Coming into 2017, the ‘reflation trade’ was driving through global markets with bond yields moving higher in tandem with stock prices, even as expectations were building for even higher rates; which was, in turn, driving the U.S. Dollar-higher. The prevailing thought after the Presidential Election was that oncoming fiscal stimulus and tax cuts could offset the tighter borrowing conditions posed by a continuation of rate hikes that was afforded by this friendlier operating environment.

But as we turned the page into 2017, matters began to change…

The U.S. Dollar set a fresh 14-year high just two weeks after the Fed’s December rate hike, and has so far spent all of 2017 channeling-lower. The Greenback posed a quick run of strength from early-February leading into the Fed’s March rate decision: But after the bank hiked rates in March, the U.S. Dollar put in another bearish reversal, and has since continued to move-lower.

FOMC: With Today's Hike Priced-In, This Meeting is About the Balance Sheet

Chart prepared by James Stanley

This reversal isn’t relegated solely to currencies: We’ve seen this take place in bonds, as well. On the chart below, we’re looking at the reversal in the 10-year, which hastened around the March rate decision. We’ve also identified the ‘taper tantrum’ of 2013, as this will be relevant later in the article.

FOMC: With Today's Hike Priced-In, This Meeting is About the Balance Sheet

Chart prepared by James Stanley

What makes the two above reversals interesting is the fact that the Fed’s stance has been rather consistent throughout this period. The Fed has been persistently hawkish and looking to normalize policy: This has not changed. The only matter that has changed is the apparent opinion of the Fed’s take on the balance sheet, and this theme began to gain prominence around the Fed’s rate hike in March of this year.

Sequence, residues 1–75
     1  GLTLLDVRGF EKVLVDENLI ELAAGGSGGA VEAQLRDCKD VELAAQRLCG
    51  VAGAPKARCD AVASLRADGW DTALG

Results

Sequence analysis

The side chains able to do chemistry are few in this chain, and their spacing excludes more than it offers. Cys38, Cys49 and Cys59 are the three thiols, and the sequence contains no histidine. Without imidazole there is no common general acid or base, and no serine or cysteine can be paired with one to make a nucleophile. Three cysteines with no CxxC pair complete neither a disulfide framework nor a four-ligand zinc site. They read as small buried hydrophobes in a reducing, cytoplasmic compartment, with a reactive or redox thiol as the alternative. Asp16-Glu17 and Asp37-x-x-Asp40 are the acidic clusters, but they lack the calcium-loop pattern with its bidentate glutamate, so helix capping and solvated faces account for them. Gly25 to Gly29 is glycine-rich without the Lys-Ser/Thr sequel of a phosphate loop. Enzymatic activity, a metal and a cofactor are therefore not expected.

The Balance Sheet

This is somewhat of the elephant in the room for the Fed right now because nobody knows really how this will work. There are no historical models from which we can build models nor are there any relevant examples from which we can draw inferences. The Fed traditionally carried smaller sums with operations generally relegated to short-dated securities: But when the Financial Collapse hit, and when interest rates were pegged to the theoretical floor – the Fed needed to find another way to drive liquidity into markets, and buying bonds was a novel way of doing so. Buying bonds, and flushing cash into the financial system was one way that the Fed could continue to push low rates by keeping demand (prices) for bonds high.